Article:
Late on Sept. 22, a report from Gizmodo showed off what the blog claims is Microsoft's tablet prototype. Dubbed Courier, it features a day-planner-like look, it works with a stylus and, according to the publication, it sports dual 7-inch screens. There's little debating that this is exciting news for those who were expecting something big in the tablet space.
But it also underscores what I think is an interesting trend: Microsoft is becoming more like Google and Apple. The software company that once ruled the industry is now finding unique, innovative ways to not only mimic what the competition is doing, but in some cases, improve upon it. That's a new vision for Microsoft. It's a new way of doing business. And, ironically, it might just help the company achieve even greater success.
Microsoft's Courier prototype is the latest example of Microsoft trying to do more than provide software to consumers and the enterprise. It's also Microsoft's latest example of taking a few pages out of Apple's book.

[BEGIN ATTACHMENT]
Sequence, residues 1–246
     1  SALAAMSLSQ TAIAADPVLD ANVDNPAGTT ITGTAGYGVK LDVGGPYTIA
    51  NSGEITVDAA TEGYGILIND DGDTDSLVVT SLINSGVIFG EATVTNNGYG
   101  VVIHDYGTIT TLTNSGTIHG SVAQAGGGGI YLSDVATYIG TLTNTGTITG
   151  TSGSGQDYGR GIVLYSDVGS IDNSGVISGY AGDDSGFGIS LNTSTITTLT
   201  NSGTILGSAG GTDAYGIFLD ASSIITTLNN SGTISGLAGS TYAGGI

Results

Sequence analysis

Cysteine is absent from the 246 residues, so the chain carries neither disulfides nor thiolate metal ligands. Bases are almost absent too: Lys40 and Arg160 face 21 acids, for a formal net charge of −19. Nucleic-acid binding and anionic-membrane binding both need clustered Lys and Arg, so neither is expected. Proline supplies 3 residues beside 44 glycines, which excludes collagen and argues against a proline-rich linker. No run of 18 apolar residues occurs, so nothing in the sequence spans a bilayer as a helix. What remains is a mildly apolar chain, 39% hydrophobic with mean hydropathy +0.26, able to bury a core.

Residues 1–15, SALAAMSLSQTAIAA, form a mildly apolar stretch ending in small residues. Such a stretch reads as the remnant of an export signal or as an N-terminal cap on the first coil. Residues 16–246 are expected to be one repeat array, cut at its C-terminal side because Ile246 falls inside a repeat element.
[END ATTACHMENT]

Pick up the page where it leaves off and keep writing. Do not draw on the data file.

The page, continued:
Granted, Apple has yet to even announce the highly anticipated tablet that has been the subject of so many rumors over the past few months. But the very fact that Microsoft is even getting into the PC business is shocking. For years, the company has offered peripherals, but that was where it stopped. It allowed companies like Dell, Hewlett-Packard and Acer to sell the computers.
It worked. And it helped Microsoft make billions. But if Microsoft releases Courier, the company will be doing what it hasn't done: release a neat, "next-gen" product that Apple might also be releasing in the near future. Cool hardware is Apple's niche. Now, it looks like it could be Microsoft's niche too.
The Apple focus doesn't quite end with Courier. Microsoft's Windows Mobile 6.5 and Windows Mobile 7 promise to take on Apple's iPhone far more effectively than the platform has up to this point. According to Microsoft, Windows Mobile 6.5 will improve upon certain areas of Windows Mobile 6, but it will be Windows Mobile 7 that will be the company's next big release in the marketplace. That operating system promises to have some of the features that make consumers desire the iPhone. So far, though, Microsoft has stayed relatively tight-lipped about exactly what the software will offer.
Regardless, we do know that it will be Microsoft's attempt at taking down the iPhone. It will be supplemented with Windows Marketplace for Mobile, a mobile app store that will launch later this year.